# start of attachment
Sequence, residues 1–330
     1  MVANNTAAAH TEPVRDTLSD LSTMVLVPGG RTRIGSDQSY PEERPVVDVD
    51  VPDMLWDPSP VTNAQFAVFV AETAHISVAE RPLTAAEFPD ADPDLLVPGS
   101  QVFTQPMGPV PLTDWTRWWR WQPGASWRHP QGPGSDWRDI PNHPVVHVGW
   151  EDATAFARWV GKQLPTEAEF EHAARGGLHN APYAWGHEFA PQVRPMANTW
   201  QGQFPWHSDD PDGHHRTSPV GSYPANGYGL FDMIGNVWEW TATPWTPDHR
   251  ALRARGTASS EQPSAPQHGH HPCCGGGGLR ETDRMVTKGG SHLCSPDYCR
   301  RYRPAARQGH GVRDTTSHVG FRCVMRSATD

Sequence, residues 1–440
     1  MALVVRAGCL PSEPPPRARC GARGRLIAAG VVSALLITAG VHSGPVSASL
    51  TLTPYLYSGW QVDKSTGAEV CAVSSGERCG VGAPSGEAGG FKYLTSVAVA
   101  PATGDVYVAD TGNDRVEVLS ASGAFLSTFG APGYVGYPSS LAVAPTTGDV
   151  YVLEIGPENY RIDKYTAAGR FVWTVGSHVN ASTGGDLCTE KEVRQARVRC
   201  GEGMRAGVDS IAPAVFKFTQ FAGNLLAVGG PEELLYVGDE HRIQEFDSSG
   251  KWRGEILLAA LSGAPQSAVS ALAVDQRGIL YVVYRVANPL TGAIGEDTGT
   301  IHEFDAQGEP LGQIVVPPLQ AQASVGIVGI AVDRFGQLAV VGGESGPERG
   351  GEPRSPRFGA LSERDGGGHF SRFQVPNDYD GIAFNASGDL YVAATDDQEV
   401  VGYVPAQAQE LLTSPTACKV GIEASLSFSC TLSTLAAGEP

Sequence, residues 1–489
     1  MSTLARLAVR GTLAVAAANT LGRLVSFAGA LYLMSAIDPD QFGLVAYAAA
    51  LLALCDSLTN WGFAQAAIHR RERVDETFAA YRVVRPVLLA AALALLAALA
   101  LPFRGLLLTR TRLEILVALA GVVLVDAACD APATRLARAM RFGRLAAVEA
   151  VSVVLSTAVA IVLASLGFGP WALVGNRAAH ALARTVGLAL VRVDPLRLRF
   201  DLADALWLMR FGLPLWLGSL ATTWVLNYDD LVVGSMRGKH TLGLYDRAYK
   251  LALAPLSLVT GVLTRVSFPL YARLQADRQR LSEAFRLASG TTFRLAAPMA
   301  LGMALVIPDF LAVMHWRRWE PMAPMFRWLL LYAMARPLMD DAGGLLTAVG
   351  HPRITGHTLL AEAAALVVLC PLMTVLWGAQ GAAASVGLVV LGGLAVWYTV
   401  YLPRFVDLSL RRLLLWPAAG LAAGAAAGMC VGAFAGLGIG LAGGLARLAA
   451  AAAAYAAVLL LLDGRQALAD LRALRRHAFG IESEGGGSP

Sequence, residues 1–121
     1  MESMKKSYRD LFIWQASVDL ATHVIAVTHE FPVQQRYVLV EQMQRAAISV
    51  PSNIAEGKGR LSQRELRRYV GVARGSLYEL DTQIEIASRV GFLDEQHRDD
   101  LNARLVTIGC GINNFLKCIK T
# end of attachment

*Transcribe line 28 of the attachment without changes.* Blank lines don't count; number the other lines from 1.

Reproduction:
   401  YLPRFVDLSL RRLLLWPAAG LAAGAAAGMC VGAFAGLGIG LAGGLARLAA